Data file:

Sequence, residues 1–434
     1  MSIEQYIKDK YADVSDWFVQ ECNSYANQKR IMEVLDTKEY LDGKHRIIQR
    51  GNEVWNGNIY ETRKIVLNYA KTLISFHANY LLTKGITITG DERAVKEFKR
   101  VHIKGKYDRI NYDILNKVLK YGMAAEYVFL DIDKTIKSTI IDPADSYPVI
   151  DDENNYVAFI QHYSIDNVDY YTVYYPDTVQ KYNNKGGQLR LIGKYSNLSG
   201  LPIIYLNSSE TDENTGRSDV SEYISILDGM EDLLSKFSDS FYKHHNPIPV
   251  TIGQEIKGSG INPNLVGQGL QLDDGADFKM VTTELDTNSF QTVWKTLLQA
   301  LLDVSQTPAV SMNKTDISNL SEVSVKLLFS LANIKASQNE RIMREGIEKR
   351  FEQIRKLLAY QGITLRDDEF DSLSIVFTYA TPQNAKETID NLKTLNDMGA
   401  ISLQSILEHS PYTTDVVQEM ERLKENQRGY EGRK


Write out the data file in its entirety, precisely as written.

Sequence, residues 1–434
     1  MSIEQYIKDK YADVSDWFVQ ECNSYANQKR IMEVLDTKEY LDGKHRIIQR
    51  GNEVWNGNIY ETRKIVLNYA KTLISFHANY LLTKGITITG DERAVKEFKR
   101  VHIKGKYDRI NYDILNKVLK YGMAAEYVFL DIDKTIKSTI IDPADSYPVI
   151  DDENNYVAFI QHYSIDNVDY YTVYYPDTVQ KYNNKGGQLR LIGKYSNLSG
   201  LPIIYLNSSE TDENTGRSDV SEYISILDGM EDLLSKFSDS FYKHHNPIPV
   251  TIGQEIKGSG INPNLVGQGL QLDDGADFKM VTTELDTNSF QTVWKTLLQA
   301  LLDVSQTPAV SMNKTDISNL SEVSVKLLFS LANIKASQNE RIMREGIEKR
   351  FEQIRKLLAY QGITLRDDEF DSLSIVFTYA TPQNAKETID NLKTLNDMGA
   401  ISLQSILEHS PYTTDVVQEM ERLKENQRGY EGRK